Again, I’m not a big sports guy, but I was impressed by how fluid and natural the game’s controls seemed to be as I managed to score a goal even with my rudimentary understanding of the mechanics, not to mention soccer itself. FIFA 14 will be released around the same time as the console version, around September. As of yet, EA Sports has not made a final decision on how they will be asking players to pay for the game.
Terraria is that indie darling that plays like a combination of an action-platformer spliced with Minecraft. Knowing that this game already has its following, developer Codeglue set out to make a port that would adapt the game for mobile play while not cheesing off the people who already love it. As such, Terraria is largely the same experience of killing things, mining, chopping down trees, and building in glorious, pixelated 2D.
Same old Terraria.
An overlay d-pad has been added—generally my least favorite of control schemes on mobile, but it did seem to work pretty well all the same. The developers have also included an autojump for smaller gaps and hills to simplify movement across the game’s world. The only other major change is that, recognizing that mobile gameplay lends itself to smaller playing sessions, the various actions you can perform now take up a fraction of the time they originally did. In other words, you can fell a tree in a few seconds, rather than sitting there with your finger held down, watching your dude endlessly swing his axe.
Something I was very pleased to hear is that Terraria is a straight-up premium title. There will be one cost to purchase it and it won’t ask for your money beyond that. It was nice to find a developer actually committing to this. Unfortunately, they haven’t yet totally committed to the Android version. The iOS edition of Terraria should be out in about two months with the Android’s, in theory, coming shortly after. The contracts had not yet been finalized, but the developers seemed confident they would be.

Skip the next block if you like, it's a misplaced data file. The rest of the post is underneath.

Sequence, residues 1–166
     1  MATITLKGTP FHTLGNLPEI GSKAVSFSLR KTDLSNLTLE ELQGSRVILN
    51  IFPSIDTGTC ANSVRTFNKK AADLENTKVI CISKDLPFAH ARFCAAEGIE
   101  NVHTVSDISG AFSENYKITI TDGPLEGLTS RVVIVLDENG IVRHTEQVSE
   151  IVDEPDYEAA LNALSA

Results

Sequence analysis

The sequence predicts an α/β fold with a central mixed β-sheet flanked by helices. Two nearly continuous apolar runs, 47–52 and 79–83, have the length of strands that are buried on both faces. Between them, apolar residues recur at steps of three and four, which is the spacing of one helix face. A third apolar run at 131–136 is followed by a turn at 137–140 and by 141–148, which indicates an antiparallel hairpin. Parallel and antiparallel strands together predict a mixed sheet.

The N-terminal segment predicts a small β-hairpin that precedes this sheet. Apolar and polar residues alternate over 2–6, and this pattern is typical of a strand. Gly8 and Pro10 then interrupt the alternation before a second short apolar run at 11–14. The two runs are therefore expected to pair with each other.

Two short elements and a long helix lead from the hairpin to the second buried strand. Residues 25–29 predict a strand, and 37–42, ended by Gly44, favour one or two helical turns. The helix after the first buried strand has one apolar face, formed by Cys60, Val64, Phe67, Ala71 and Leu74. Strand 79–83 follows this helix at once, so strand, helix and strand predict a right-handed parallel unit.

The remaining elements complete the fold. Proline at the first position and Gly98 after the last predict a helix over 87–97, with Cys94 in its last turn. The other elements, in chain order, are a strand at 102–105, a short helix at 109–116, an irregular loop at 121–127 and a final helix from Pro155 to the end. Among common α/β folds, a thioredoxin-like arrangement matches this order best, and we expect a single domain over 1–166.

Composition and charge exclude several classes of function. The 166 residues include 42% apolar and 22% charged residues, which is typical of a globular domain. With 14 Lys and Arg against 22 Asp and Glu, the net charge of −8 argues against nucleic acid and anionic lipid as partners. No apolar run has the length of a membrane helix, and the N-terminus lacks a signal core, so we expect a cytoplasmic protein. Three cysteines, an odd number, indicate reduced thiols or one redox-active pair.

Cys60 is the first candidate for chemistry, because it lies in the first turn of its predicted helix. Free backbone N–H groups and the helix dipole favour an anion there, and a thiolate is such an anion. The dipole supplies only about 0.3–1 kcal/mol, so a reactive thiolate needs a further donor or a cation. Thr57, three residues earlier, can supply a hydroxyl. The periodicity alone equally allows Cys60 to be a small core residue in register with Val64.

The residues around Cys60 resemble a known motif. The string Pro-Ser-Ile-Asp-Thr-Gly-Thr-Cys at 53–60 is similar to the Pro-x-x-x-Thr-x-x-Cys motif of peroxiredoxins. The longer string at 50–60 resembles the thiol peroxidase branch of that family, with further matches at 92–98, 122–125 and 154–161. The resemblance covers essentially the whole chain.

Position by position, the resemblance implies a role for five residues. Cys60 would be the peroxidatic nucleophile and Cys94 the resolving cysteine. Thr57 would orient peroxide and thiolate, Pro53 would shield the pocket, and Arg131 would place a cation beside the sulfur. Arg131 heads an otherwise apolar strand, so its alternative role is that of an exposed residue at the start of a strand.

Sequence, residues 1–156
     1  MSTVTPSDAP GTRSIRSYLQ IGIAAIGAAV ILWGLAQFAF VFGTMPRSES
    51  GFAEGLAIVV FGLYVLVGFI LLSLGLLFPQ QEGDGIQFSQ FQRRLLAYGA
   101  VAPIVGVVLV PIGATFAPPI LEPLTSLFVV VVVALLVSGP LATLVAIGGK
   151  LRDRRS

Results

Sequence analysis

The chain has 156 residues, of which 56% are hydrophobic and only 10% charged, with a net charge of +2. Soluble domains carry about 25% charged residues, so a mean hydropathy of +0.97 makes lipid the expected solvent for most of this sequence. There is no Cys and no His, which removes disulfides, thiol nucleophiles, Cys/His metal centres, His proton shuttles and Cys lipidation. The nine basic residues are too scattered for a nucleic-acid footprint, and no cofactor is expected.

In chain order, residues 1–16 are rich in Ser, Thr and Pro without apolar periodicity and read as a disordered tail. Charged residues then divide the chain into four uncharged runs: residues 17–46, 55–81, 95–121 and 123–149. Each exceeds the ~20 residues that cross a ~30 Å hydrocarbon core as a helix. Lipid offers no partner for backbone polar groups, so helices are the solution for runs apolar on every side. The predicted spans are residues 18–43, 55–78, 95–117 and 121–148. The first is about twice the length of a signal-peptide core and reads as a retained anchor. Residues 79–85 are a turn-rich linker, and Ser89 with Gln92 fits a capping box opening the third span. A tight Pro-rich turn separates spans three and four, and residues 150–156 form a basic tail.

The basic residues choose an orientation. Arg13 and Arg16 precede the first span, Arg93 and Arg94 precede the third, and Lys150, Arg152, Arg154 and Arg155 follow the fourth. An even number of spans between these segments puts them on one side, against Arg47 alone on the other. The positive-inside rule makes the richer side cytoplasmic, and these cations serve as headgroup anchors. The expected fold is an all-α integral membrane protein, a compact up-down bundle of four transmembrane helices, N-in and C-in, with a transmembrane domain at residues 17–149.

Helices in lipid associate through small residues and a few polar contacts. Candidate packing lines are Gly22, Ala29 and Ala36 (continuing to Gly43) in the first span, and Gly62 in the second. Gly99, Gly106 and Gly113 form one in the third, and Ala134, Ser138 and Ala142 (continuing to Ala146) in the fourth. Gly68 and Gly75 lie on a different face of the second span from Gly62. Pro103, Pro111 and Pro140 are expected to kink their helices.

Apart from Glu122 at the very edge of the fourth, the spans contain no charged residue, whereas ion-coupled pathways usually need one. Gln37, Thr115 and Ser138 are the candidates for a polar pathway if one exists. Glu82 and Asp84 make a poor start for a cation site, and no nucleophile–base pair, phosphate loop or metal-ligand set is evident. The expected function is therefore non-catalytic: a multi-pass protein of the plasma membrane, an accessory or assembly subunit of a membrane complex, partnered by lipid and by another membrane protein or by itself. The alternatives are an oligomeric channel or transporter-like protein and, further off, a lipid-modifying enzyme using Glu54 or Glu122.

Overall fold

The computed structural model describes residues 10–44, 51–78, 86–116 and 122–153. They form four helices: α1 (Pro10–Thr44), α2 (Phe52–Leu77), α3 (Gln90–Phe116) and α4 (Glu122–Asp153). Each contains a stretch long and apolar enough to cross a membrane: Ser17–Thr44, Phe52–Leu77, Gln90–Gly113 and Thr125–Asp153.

Deus Ex: The Fall
With mobile still kind of getting the short end of the stick at E3, Deus Ex: The Fall is the most striking upcoming mobile release pretty much by default. Square Enix’s spinoff of Deus Ex: Human Revolution is being treated not like some throwaway distraction with a big license attached to it, but, instead, as the actual, proper next game in the Deus Ex series.
The game’s events run parallel to those in Human Revolution and the shiny, futuristic setting has impressively made its way over to portable devices. In terms of production values, The Fall is shaping up to be a real console-quality effort. It feels like a full-fledged title with all the features you’d expect from the series included, like augmentation, hacking, and helpings of both action and stealth gameplay.
Some changes have been designed to adapt the gameplay to phones and tablets, such as jumping being replaced with vaulting and taking cover being rendered as simple as tapping the wall you want to press up against. There are also, welcomingly, some customization options available so you can set the controls to your liking.
Interestingly, Deus Ex: The Fall will be episodic with each chapter lasting roughly five hours each. The first chapter will be released on iOS during the third quarter of the year. Being the bastard child of the mobile industry that it is, the Android doesn’t get as clear a target release date. But a version for Android is, indeed, also in the works and hopefully won’t come too long after iOS gets it. Deus Ex: The Fall is only going to be a couple of bucks, but, of course, that means there will be optional in-game microtransactions as well. Sigh…